Maj. Milt Poll, an anesthesiologist for the 86th Medical Squadron at Landstuhl Regional Medical Center
Maj. Milt Poll, an anesthesiologist for the 86th Medical Squadron at Landstuhl Regional Medical Center monitors a patience vitals during surgery. Maj. Poll have been an anesthesiologist for over nine years and been supporting the medical teams at LRMC for over two years. (Photo Credit: John Ciccarelli) VIEW ORIGINAL

When summer swimming became a life-or-death situation for a young boy, U.S. Air Force Maj. Milt Poll, an anesthesiologist for the 86th Medical Squadron at Landstuhl Regional Medical Center (LRMC), used his military training to aid in rescue efforts.

During an outing with family and friends at a local aquatic center, Poll was playing with his daughter in a small wading pool when he saw a boy being pulled out of the water. According to Poll, the child was not breathing, and his skin was blue in color with small abrasions on his arms and face.

“I noticed the staff was doing chest compressions,” recalls Poll, a native of Ogden, Utah. “Always being in the mindset to respond during emergencies, I began to assist with CPR and checking his pulse.”

After several minutes, poll recalls the child beginning to move and breathing on his own, however he did not wake up.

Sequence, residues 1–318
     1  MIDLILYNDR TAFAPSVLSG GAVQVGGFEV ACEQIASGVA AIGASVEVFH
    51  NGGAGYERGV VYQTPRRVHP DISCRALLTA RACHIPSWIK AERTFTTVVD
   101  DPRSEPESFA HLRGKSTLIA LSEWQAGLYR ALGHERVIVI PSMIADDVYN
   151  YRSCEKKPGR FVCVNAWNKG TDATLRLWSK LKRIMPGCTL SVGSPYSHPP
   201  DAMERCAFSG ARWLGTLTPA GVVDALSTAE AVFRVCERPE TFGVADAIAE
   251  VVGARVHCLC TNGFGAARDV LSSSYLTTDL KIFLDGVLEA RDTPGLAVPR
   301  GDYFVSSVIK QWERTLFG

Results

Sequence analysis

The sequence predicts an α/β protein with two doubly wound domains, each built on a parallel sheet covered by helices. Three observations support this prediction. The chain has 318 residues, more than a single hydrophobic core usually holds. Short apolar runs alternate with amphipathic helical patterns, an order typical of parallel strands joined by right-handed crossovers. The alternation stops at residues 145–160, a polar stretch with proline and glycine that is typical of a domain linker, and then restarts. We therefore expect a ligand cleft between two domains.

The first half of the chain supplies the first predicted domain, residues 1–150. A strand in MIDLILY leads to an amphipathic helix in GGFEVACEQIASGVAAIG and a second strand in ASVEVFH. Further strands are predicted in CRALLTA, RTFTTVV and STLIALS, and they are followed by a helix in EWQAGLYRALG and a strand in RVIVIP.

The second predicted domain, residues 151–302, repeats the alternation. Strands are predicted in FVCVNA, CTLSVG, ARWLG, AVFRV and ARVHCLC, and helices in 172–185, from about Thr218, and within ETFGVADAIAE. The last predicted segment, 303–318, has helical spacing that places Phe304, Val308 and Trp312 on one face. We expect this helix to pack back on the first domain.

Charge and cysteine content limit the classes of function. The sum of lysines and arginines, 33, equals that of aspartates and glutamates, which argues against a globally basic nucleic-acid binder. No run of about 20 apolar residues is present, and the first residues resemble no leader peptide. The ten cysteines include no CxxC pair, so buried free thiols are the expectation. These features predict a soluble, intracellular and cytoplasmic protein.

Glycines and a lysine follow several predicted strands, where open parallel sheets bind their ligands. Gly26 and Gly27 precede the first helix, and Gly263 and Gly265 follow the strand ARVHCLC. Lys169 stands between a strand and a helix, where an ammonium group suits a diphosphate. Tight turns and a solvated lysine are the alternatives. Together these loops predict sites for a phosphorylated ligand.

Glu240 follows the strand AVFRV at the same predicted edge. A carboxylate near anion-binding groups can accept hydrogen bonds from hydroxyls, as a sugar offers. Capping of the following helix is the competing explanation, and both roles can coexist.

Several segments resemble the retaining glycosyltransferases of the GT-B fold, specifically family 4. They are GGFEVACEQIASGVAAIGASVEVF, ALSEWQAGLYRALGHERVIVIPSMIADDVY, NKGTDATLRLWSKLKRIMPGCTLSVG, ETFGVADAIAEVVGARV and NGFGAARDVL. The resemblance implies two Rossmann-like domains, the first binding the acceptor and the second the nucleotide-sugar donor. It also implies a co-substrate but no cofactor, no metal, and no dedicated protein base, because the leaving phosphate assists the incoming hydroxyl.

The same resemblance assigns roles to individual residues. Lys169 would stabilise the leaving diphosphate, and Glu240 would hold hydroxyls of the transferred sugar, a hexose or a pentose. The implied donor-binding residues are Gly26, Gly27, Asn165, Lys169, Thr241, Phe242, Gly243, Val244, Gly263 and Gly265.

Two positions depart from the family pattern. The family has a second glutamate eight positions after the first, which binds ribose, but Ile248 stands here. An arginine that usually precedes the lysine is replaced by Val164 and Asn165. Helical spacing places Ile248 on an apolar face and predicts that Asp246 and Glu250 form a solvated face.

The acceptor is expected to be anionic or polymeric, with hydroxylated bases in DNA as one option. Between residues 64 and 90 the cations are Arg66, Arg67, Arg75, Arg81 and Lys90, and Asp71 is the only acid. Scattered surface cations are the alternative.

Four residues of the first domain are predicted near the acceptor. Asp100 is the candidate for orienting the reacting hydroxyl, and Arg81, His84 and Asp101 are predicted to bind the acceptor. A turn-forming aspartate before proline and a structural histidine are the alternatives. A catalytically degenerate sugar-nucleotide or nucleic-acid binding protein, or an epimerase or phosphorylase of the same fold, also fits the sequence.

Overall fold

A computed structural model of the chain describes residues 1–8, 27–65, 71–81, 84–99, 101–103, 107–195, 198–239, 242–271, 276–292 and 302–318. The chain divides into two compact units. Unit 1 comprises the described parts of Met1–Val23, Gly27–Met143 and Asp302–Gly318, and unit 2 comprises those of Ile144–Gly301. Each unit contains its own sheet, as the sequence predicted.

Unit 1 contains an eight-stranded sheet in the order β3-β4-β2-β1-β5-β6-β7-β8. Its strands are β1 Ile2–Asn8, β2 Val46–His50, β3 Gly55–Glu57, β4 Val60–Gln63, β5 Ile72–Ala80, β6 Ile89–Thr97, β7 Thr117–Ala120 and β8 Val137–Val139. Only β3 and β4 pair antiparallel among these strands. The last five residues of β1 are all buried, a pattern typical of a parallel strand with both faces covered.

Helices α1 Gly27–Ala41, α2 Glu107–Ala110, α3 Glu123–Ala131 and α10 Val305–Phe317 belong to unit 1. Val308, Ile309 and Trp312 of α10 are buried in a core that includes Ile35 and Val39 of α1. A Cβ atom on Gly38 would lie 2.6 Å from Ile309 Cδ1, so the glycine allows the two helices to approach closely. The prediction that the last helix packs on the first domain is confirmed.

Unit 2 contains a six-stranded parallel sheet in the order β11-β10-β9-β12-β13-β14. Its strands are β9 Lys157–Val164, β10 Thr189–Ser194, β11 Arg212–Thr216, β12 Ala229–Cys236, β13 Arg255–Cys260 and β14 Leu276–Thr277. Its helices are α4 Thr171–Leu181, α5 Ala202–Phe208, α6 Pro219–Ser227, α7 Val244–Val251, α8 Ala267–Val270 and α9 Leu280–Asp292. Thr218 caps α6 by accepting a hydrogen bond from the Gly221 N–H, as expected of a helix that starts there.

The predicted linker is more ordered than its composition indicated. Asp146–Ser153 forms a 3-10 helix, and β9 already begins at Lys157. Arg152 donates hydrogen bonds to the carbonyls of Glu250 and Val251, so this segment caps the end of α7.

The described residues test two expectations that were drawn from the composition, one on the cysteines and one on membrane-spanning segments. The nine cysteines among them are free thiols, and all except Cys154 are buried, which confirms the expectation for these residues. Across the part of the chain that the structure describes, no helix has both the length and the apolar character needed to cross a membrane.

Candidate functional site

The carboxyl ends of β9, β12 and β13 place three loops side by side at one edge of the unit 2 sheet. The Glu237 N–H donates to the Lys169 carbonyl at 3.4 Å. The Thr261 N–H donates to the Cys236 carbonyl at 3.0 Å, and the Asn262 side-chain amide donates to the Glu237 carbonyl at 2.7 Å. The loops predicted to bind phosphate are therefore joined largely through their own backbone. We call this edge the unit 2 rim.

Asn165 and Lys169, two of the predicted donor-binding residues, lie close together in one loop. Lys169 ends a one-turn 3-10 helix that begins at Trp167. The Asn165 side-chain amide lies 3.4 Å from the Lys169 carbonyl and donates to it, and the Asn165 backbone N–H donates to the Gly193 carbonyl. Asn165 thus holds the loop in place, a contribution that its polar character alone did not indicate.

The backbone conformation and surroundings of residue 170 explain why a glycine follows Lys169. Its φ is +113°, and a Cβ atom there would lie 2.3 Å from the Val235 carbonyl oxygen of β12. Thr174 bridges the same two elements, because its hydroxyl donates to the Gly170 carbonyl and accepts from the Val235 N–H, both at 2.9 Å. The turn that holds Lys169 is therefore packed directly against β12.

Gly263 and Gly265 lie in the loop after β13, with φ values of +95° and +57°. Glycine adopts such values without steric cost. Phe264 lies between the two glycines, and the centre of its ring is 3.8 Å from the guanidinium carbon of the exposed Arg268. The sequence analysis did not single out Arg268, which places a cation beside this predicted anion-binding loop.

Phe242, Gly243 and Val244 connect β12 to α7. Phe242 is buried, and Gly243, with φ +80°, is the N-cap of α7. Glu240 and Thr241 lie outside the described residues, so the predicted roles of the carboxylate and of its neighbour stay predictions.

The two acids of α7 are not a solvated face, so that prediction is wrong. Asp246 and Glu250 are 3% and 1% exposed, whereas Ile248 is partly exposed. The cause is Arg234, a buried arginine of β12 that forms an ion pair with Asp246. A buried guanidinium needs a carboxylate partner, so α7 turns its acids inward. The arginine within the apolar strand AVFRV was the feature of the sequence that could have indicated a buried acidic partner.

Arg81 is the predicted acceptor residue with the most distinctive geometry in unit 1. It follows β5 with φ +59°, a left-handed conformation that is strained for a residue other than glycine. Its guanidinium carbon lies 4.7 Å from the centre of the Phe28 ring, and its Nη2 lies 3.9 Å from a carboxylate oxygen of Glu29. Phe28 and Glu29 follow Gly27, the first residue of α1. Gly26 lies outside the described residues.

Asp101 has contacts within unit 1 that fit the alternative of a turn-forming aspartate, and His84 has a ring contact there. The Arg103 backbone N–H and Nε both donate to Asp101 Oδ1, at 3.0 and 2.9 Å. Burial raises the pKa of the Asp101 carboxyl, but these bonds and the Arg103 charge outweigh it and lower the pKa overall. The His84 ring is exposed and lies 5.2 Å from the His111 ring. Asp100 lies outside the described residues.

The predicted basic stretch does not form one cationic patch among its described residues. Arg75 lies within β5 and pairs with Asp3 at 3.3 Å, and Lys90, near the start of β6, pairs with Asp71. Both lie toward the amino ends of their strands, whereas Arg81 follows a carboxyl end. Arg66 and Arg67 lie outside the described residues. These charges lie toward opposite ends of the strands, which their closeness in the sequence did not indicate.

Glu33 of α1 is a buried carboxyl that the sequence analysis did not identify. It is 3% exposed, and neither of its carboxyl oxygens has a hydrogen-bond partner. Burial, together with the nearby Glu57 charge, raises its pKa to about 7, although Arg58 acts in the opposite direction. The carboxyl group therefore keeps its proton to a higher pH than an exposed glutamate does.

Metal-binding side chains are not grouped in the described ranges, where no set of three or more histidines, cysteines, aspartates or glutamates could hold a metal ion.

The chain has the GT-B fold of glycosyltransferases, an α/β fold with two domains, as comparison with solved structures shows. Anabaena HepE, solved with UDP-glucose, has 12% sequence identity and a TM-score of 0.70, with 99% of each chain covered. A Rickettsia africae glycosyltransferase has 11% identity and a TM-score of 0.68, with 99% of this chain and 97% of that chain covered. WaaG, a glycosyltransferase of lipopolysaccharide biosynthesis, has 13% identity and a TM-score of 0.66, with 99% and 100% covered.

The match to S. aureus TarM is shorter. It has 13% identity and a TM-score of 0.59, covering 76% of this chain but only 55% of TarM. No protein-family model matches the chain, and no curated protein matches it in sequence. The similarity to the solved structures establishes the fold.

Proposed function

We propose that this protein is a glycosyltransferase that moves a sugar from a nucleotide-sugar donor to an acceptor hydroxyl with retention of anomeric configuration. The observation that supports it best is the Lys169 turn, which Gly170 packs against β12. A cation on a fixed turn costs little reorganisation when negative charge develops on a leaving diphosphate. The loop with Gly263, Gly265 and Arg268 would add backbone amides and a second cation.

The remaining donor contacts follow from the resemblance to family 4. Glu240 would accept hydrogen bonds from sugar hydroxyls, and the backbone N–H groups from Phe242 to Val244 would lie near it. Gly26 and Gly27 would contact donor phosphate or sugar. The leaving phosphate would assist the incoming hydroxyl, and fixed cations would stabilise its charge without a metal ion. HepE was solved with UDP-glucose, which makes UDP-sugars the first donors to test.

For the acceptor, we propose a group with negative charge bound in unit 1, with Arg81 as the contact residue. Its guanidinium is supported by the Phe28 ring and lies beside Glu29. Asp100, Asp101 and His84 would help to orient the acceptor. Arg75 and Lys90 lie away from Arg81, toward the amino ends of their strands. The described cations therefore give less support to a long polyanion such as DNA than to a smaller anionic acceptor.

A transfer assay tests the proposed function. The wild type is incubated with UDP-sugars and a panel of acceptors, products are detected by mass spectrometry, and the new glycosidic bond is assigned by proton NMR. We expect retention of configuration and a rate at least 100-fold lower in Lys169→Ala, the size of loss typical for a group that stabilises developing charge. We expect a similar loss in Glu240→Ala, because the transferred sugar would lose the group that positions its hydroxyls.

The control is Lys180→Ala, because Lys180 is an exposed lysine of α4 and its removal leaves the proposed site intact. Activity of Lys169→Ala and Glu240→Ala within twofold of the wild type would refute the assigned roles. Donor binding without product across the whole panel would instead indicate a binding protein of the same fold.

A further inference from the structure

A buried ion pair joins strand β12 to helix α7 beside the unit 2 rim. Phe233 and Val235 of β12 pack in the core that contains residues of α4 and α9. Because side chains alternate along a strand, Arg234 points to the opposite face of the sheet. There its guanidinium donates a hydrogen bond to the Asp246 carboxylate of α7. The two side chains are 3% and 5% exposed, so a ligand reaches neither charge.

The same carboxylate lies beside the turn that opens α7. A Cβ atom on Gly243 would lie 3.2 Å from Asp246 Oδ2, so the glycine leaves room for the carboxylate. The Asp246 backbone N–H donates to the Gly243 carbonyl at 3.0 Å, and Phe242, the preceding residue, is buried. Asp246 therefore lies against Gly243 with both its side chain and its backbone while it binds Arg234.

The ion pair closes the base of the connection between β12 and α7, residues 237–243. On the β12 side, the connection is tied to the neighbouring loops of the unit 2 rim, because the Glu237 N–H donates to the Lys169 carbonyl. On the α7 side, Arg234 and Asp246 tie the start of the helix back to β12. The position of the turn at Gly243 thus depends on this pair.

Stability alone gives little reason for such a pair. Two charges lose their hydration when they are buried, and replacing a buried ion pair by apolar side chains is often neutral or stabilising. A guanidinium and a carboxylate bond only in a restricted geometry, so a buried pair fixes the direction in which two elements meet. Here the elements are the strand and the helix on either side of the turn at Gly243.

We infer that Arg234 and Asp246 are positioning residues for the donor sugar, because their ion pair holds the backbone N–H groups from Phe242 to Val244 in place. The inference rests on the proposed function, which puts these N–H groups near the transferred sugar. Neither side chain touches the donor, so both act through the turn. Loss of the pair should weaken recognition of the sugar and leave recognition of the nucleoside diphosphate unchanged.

“The child did have some vomit in his mouth, so I cleared his month by turning his head to the side, and then we rolled him over, and I just maintained his airway, which is part of my training,” said Poll.

Poll have been an anesthesiologist for over nine years and been supporting the medical teams at LRMC for over two years.

“I listened to his chest. His lungs sounded clear while I ensured that he continued to breathe while we waited for emergency crews to arrive.”

Poll continued holding the airway open while performing a head-to-toe evaluation. According to Poll, the responding medical team suggested the accident may have been a result of a collision which caused the child to lose consciousness while in the pool.

“I continued to make sure the boy’s vitals stayed stabilized until the medic team showed up, and I was asked to step aside,” said Poll. “They set up their monitors, put the EKG on him and gave him oxygen.”

After a minute, the child’s oxygen level stabilized and he regained consciousness.

“I chose to become an anesthesiologist for two reasons really; because the field of anesthesiology has most all, been one of the things I enjoy about being a doctor and because I wanted to be prepared and confident to respond in an emergency like this one!”, said Poll.